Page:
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Green Bay Packers

NFL 25 at 25 | No 14 Packers OT David Bakhtiari

Green Bay Packers tackle David Bakhtiari (69) sets to block San Francisco 49ers outside linebacker Aaron Lynch (59) during an NFL football game in Santa Clara, Calif., Sunday, Oct. 4, 2015. (Jeff Haynes/AP Images for Panini)
Jeff Haynes/AP Images for Panini

I’ll admit I knew very little about David Bakhtiari coming into the 2016 season. I knew he moved extremely well for a big man, I knew his flowing mane was majestic, and I knew he had been improving steadily since being drafted as a fourth-round “developmental” tackle by Green Bay. However, ask anyone about Bakhtiari. It wouldn’t take them long to mention his one bugaboo, the thing he has struggled with the most since college and even early in the NFL.

The bull rush.

Bakhtiari has always been a tremendous athlete for the position, with quick feet and smooth movements to all levels of the field. As a pre-draft prospect, those lithe movements were often credited to his lighter frame. He checked into the combine with just 299 pounds on his 6-4 frame. He made up for some of his lack of strength with technique and nastiness, but bull rushers always gave him problems, from his opponents at Colorado to the ones he faced in the NFL when starting all 16 games as a rookie.

Bakhtiari bulked up quickly, adding 10-15 pounds to his frame and noticeably filling out his upper body with more muscle. He’s admitted that keeping enough weight on his frame is a job in and of itself, but the added strength has been a major asset to Bakhtiari in his development against power edge rushers.

Bakhtiari is explosive out of his stance to eliminate Olivier Vernon’s two-way go, but then is forced to stymie the edge defender’s bull rush when Vernon tries to run through him to the quarterback. Bakhtiari anchors, then repositions his hands when Vernon steps inside to shut down the path to Aaron Rodgers. You’re not going to see him stone many bull rushers, but he’ll give some ground and then fend them off by repositioning his hands and dropping his hips.

If you’re asking what makes Bakhtiari elite, it is his footwork and mental processing in pass protection. Bakhtiari is one of the most explosive offensive linemen in the NFL in his drive-catch phase, bursting out of his stance with balance and poise to establish a half-man relationship with edge rushers. This allows him to be able to step down against inside counter moves or carry speed rushes up the arc with equal capability.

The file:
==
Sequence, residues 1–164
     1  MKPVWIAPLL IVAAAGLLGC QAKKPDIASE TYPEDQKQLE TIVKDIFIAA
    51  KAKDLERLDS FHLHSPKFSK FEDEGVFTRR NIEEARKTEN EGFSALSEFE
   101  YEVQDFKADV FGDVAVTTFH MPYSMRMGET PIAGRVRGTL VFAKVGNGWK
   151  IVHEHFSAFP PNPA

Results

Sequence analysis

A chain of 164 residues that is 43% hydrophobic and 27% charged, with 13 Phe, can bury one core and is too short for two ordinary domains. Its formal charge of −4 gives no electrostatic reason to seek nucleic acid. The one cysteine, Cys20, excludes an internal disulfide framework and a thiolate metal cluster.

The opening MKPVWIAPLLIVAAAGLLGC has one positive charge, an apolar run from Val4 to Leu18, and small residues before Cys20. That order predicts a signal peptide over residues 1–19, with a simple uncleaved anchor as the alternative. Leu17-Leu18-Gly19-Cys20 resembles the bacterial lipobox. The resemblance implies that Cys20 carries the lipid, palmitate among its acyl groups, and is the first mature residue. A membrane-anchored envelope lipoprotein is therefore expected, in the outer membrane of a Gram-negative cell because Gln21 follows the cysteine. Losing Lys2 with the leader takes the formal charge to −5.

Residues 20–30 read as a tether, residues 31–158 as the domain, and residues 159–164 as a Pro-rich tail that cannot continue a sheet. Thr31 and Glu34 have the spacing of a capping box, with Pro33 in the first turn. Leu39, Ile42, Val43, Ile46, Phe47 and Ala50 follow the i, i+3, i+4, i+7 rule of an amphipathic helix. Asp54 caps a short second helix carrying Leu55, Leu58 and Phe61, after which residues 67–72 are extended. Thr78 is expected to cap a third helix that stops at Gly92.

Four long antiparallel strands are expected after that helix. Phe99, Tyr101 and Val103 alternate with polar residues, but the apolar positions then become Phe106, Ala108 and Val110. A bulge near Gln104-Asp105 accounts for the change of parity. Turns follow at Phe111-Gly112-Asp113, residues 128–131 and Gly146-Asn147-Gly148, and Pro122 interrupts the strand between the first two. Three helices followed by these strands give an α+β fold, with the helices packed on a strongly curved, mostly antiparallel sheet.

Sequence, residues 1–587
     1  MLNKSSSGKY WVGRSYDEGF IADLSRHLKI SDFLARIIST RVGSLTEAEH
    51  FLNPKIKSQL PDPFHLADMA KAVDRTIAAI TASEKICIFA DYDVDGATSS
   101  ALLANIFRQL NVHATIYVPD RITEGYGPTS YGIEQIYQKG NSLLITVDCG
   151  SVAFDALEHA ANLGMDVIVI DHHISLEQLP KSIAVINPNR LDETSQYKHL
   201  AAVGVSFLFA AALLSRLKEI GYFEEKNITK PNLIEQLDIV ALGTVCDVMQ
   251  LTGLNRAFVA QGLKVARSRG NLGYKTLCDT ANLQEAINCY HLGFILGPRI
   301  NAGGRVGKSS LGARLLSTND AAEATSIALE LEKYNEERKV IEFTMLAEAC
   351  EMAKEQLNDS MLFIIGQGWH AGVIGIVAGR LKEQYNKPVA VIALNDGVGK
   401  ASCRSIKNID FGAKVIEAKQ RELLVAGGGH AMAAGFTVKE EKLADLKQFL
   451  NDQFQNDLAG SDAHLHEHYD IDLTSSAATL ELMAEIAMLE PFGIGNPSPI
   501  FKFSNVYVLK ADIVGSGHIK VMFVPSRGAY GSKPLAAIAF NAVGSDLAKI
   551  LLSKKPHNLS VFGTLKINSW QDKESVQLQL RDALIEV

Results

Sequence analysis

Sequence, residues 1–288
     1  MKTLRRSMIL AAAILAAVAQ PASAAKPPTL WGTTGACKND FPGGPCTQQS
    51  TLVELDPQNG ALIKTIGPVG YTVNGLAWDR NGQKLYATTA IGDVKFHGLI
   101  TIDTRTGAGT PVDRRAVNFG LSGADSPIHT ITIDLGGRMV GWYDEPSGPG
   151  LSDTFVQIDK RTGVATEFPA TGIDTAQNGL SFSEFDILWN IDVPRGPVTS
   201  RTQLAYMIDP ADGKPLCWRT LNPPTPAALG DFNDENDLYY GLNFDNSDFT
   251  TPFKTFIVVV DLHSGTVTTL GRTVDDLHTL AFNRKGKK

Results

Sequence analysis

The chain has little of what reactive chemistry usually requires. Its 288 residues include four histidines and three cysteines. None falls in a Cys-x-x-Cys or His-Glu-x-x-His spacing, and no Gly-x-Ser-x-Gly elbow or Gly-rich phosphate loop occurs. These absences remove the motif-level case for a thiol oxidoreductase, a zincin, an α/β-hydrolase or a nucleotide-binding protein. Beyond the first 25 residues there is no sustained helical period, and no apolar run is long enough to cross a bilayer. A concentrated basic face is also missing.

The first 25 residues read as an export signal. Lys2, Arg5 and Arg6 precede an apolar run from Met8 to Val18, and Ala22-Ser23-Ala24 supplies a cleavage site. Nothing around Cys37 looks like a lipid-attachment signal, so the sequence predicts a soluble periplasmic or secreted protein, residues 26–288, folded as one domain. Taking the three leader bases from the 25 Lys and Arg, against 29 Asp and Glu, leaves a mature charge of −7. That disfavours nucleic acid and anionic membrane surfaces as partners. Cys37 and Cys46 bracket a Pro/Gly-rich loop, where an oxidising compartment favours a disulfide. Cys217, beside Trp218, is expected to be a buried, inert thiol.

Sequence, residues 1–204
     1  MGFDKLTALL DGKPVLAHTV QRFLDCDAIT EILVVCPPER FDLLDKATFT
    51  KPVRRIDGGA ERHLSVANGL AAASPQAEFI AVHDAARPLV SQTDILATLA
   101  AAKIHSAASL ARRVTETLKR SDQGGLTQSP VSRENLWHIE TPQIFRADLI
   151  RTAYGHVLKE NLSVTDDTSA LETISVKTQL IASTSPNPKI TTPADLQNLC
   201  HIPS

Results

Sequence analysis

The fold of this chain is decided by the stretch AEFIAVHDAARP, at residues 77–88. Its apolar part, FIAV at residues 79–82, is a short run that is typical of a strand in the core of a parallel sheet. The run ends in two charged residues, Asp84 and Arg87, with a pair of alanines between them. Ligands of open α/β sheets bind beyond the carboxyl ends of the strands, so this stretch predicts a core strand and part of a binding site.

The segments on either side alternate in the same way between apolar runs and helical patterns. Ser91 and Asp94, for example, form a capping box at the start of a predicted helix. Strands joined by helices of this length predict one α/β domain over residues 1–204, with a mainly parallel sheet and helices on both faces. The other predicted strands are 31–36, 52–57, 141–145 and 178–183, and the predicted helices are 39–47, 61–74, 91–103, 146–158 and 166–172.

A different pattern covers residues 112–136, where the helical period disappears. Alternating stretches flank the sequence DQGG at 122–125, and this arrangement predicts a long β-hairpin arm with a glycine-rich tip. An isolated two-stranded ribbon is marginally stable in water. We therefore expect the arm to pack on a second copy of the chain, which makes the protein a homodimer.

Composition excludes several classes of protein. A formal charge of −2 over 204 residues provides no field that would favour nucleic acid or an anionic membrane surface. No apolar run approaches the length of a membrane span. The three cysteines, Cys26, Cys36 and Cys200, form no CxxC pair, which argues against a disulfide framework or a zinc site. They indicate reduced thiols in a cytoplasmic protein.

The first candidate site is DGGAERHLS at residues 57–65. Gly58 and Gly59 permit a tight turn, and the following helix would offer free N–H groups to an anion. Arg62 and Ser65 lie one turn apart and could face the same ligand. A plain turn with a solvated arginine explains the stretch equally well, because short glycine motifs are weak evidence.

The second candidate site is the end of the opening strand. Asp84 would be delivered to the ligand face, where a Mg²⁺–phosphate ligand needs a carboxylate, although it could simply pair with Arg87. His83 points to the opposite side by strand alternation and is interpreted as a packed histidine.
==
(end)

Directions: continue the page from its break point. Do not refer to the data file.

Look how quickly Bakhtiari goes from his stance, to kicking into his set, to sliding back inside to pick up the game the New York Giants are running. That footspeed and balance are just remarkable, a big part of what makes Bakhtiari such a special player. He’s an easy mover with terrific suddenness and energy, which is exactly what it takes to protect Aaron Rodgers.

Check out the physicality and mental processing shown in the video above.

As Vernon maneuvers inside, Bakhtiari washes him down and tosses him to the turf, while maintaining his own balance in the process. This allows the left tackle to smoothly pick up the 2 technique as he comes twisting outside, anchoring against the power rush before executing the snatch-and-trap move to whip the defensive lineman to the ground. He puts two defenders down while quickly processing the twist the defense is throwing at him. Impressive stuff.

Bakhtiari is known for his ability in pass protection, but he’s a solid run blocker as well, even though the ground game is an afterthought in Green Bay. Once thought to be too small and weak to be an NFL starter, especially at tackle, Bakhtiari has taken his game to new heights and become one of the top five offensive tackles in the game. The stat below illustrates just how rare this type of development is for a Day 3 prospect at tackle.

You can credit Bakhtiari’s heralded work ethic and competitive toughness as big reasons why he has succeeded in the NFL. He has taken the time to cultivate his terrific skill set into the tools of a masterful technician and exceptionally cerebral offensive lineman. He’ll be 25 years old at the end of September, so this is the last time you’ll see him on this list, but with the Pro Bowler’s prime years still ahead of him, don’t expect to see a drop-off in play anytime soon.

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